#SSU2019 Social Media Award Finalists Celebrate Wins—and Learn How a Jersey Belle Found Her Social Niche

By: Nicole Schuman

May 8, 2019

On May 8 in Atlanta, The Social Shake-Up celebrated top campaigns and professionals in the social media marketing space as part of its Social Media Awards Breakfast. Out of hundreds of entries detailing how social media tactics tied to organizational goals over the last year, Social Media Awards finalists were selected for representing the best in social media communications and marketing in their industries. Winning campaigns spanned the adorable (user-submitted photos of babies in custom, cross-branded onesies) to the bizarre (a monthlong celebration of sandwiches). The full list of winners and honorable mentions can be found here.

As part of the ceremony, Brandi Boatner, social and influencer communications lead of global markets at IBM (and beloved Social Shake-Up speaker), was named the Robin Carey Connector Awardee for 2019. The award, named for the late Robin Carey, founder of The Social Shake-Up Show, honors an individual who has demonstrated an unyielding desire to connect people.

Before the awards ceremony kicked into high gear, keynoter Jaime Primak Sullivan, president of Bridge and Tunnel Entertainment, spoke to attendees. She shared the backstory to her success of her online video series #cawfeetawk and offered insights on adapting to the ever-changing nature of digital communications:

Social media killed Jaime Primak Sullivan’s job.

After working for 14 years as a publicist, Twitter came along and provided a direct connection between fans and celebrities.

Her daily email inbox became filled with “requests to comment on the comments made on my client’s comments” on social media. She saw the writing on the wall and took a U-turn, creating her own TV show, “Jersey Belle,” based on a move to Alabama after marrying her beau, and selling it to Bravo.

Primak Sullivan looked to promote the show and connect with viewers, and found Twitter to be the avenue, following the lead from past clients. But in 2014, Bravo TV blew up on the platform due to the success of the “Real Housewives” franchise. Primak Sullivan found the atmosphere to be aggressive and outlandish.

“Twitter was not a safe space,” she said.

Primak Sullivan wanted fans to get to know the real her, and if you want to do something right, sometimes you just have to do it yourself. She pulled out her cell phone and recorded a video of herself in her pajamas, drinking coffee, talking about everyday things. A producer was born.

Primak Sullivan pivoted to a different platform: Facebook. Before Facebook Live, Meerkat or Instagram Stories had seen wide adoption, she uploaded the video to her page. Eight people watched the video.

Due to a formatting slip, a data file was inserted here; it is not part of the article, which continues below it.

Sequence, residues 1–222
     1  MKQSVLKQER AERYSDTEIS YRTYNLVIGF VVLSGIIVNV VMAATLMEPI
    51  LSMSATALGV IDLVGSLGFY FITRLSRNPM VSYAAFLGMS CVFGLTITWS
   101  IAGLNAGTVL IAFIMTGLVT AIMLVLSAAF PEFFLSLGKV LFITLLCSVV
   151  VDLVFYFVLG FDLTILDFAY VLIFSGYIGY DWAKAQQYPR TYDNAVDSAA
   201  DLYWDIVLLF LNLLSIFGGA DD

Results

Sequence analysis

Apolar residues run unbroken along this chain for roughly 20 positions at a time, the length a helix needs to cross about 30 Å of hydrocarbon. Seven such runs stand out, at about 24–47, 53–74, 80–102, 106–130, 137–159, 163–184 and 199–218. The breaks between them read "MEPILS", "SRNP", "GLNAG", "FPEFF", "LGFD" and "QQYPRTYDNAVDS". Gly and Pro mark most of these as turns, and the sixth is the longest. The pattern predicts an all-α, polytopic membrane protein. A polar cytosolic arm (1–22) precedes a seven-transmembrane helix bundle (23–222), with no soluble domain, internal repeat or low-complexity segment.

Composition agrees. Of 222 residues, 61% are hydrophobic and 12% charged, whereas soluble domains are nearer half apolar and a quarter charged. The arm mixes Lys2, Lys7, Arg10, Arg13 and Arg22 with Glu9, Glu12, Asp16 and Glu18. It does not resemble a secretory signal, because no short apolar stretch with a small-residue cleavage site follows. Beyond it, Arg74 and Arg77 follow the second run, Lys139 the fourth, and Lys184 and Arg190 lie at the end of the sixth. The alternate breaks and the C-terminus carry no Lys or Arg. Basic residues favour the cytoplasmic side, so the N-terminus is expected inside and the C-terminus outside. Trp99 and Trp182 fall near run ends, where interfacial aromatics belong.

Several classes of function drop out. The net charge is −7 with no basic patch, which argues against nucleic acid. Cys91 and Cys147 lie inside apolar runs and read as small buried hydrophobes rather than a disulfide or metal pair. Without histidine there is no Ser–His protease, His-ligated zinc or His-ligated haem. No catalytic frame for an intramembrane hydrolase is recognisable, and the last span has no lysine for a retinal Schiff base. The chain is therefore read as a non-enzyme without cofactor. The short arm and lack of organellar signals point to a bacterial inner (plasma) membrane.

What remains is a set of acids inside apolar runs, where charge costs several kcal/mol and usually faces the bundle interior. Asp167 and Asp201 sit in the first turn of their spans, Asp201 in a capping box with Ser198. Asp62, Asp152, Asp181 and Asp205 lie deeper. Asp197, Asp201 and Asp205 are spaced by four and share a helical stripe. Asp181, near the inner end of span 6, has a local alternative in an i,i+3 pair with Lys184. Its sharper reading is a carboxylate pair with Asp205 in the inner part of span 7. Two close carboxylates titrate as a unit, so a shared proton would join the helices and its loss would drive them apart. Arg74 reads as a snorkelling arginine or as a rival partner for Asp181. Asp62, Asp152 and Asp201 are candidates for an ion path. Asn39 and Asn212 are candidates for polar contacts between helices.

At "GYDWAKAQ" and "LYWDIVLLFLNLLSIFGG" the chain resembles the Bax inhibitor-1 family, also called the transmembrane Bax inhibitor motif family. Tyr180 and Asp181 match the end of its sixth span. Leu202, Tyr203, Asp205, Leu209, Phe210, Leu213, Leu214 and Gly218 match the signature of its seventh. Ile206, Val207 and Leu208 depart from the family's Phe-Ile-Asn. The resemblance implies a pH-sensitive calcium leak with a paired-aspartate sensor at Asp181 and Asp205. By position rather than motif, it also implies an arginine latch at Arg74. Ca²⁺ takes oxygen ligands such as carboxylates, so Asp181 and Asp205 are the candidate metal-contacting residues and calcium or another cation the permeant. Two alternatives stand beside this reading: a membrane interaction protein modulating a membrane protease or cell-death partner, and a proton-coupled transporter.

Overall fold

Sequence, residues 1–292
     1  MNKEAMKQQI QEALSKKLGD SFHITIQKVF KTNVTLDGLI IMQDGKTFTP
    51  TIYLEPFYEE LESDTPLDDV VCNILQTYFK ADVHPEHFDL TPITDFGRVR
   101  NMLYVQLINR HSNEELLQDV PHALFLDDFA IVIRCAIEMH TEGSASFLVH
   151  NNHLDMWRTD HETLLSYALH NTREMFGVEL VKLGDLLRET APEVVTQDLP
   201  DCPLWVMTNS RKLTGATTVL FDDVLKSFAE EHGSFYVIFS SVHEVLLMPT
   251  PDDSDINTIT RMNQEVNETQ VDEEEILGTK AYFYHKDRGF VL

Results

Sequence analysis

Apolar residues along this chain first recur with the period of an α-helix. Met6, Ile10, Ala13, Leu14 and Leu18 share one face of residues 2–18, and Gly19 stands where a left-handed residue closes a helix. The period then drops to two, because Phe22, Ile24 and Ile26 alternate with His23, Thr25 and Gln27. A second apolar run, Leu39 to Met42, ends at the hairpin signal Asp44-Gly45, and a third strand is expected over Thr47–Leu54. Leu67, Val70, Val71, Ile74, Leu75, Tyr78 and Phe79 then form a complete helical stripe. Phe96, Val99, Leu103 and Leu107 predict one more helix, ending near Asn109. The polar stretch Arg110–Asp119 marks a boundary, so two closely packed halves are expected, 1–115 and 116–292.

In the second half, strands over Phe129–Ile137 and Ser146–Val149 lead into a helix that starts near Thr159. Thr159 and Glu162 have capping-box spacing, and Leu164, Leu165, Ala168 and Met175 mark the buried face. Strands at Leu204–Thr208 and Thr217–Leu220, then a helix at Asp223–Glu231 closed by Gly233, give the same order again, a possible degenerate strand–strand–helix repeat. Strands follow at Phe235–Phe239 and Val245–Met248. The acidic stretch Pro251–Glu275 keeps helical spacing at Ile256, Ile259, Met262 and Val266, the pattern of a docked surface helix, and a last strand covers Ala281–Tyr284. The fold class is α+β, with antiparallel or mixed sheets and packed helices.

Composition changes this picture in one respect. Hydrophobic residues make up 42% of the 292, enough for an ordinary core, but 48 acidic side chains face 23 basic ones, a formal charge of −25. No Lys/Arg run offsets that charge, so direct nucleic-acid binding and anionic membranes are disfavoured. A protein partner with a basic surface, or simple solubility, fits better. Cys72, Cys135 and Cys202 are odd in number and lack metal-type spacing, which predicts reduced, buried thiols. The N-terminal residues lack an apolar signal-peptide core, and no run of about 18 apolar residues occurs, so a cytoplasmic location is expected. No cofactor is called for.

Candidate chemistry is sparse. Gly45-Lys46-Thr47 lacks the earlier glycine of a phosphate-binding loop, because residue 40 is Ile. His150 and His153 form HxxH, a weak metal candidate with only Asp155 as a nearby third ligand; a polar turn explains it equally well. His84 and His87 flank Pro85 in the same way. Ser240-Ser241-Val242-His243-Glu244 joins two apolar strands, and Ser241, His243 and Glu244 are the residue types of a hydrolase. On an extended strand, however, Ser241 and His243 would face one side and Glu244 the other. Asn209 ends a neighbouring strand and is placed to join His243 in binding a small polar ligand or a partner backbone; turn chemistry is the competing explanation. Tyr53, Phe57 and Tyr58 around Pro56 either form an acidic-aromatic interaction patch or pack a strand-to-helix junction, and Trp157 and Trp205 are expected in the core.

“I told my husband, I’m famous! This is me! Not edited!” Primak Sullivan said. “I did it again next day, at the same time, and 20 people watched. I’m Meryl Streep! People left comments. Over time, they knew what to expect. Just me, talking about things that affected my life.”

Primak Sullivan’s efforts on Facebook paid off, climbing to 30,000 viewers each morning and winning 2 to 3 million viewers in the hours and days after publishing.

“What I found was consistency was the most important thing I did for #cawfeetawk,” she said. “I showed up every single morning. You know who noticed? Facebook.”

The platform requested she test Facebook Live, dubbing her one of the first Facebook video stars. Primak Sullivan decided to expand her brand to Instagram, where her content allowed for a more irreverent, “Jersey” part of her personality, different from her “straightlaced” Facebook content.

“People know what to expect with me,” she said. “I’ve been doing #cawfeetawk for 4 years and never missed a morning. I’ve shown up for people in death, a Delta plane crash (at LaGuardia Airport, when the plane went off runway), and I still showed up.”

Primak Sullivan knows the most important part of showing up is developing trust with your audience. It’s one of the reasons people head to social media.

“All consumers want of your product is to feel seen,” she said. “That’s why people are screaming on social media all the time. They want you to say, ‘I’m so sorry you had that experience.'”

The Jersey Belle developed another Facebook video series to show a different side of herself to fans called “Cooking in Cast-Iron.” On top of her multiple series and three children, she often gets asked, “How do you do it all?”

“No one has ever asked my husband that question,” she said. “We both travel, both have kids, both have businesses. And I don’t. No one does it all, it’s not humanly possible. Some days I’m super engaged with my kids, and I miss 168 emails. Work-life balance is nonsense. It doesn’t mean you are failing. Some days you are successful in your work life, and your personal life suffers.”

“‘Did you ask my husband/boyfriend that question?’ That’s how you answer that question.”

Follow Jaime on Facebook. 

And to end the day, Ann Handley, chief content officer of MarketingProfs, left Shake-Up attendees with a keynote about the pace of content and embracing “slow-cial media.”

At The Social Shake-Up